Sleeping and eating disturbances can be very taxing on family life, particularly during childhood. Children with autism may display erratic sleep patterns with recurrent awakening at night for long periods. Eating disturbances may involve aversion to certain foods because of their texture, color, or smell, or insistence on eating a very limited choice of foods and refusal to try new foods. In the more severely cognitively impaired children, pica (i.e., eating non-edible things) may pose a range of safety issues including the risk of lead toxicity.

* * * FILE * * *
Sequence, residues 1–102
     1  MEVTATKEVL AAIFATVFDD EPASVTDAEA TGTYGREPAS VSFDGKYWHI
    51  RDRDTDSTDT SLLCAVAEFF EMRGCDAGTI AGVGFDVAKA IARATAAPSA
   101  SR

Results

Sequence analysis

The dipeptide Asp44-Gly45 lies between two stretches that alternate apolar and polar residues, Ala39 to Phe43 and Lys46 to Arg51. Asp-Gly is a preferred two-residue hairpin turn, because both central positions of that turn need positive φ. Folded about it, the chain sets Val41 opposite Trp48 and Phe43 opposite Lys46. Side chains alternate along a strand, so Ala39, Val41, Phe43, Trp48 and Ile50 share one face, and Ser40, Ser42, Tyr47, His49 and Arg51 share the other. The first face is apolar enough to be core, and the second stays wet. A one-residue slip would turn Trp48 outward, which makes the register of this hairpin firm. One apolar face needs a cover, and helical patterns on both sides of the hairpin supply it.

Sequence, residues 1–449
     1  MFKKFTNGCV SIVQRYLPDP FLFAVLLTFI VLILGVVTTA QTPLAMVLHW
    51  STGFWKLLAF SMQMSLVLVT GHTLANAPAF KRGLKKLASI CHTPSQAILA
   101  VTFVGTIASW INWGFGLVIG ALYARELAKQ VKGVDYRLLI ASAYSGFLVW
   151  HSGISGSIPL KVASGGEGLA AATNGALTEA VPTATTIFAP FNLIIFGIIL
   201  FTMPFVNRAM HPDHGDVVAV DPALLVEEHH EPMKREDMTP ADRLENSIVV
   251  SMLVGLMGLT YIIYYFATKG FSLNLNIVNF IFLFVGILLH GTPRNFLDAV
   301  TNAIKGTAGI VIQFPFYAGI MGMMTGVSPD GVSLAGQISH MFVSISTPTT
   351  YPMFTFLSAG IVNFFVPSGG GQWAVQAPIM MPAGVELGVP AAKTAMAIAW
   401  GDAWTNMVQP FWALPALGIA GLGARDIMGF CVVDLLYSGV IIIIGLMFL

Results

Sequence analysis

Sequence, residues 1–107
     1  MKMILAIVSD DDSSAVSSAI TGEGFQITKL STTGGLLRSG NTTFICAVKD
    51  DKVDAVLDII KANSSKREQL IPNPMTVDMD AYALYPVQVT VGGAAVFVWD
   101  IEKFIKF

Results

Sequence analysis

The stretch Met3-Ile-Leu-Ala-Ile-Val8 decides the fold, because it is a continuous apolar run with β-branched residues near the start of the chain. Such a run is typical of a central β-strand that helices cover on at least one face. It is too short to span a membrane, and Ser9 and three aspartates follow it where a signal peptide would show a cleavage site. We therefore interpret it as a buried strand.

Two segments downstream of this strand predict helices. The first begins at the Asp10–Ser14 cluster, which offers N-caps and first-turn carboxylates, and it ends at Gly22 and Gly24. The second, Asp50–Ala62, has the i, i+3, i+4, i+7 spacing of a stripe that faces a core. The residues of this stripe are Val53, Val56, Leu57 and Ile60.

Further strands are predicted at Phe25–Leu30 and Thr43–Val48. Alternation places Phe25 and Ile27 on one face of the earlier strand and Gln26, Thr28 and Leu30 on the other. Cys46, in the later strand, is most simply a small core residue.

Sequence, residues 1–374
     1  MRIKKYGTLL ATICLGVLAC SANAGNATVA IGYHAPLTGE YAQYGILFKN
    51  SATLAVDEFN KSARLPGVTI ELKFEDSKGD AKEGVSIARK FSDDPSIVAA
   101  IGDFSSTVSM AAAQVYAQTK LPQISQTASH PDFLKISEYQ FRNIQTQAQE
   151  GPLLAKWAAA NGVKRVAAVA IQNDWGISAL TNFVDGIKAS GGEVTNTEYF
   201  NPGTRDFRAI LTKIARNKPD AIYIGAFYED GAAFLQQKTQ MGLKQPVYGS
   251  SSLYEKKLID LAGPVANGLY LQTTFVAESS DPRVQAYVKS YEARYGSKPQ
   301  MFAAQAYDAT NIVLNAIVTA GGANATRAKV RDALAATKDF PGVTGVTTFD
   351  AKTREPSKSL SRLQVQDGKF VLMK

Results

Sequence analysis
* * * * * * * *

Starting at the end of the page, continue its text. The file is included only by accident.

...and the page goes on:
Lower functioning children with autism may bite their hands or wrists, often leading to bleeding and callous formation. Head banging, particularly in severely or profoundly mentally retarded, may necessitate the use of helmets or other protective devices. Children may also pick the skin, pull the hair, bang their chests, or hit themselves. There is a decreased sense of danger, which along with impulsivity, may lead to injuries. Temper tantrums are common, particularly in reaction to demands placed (e.g., to comply with a task), changes in routine or otherwise unexpected events. Lack of understanding or inability to communicate, or sheer frustration may occasionally prompt aggressive outbursts. Although some higher functioning individuals – e.g., those with Asperger syndrome – have been described as particularly vulnerable to exhibiting anti-social behaviors, it is in fact more likely that these individuals are victims of practical jokes or other forms of aggression; more commonly still, these individuals tend to gravitate toward the periphery of social settings.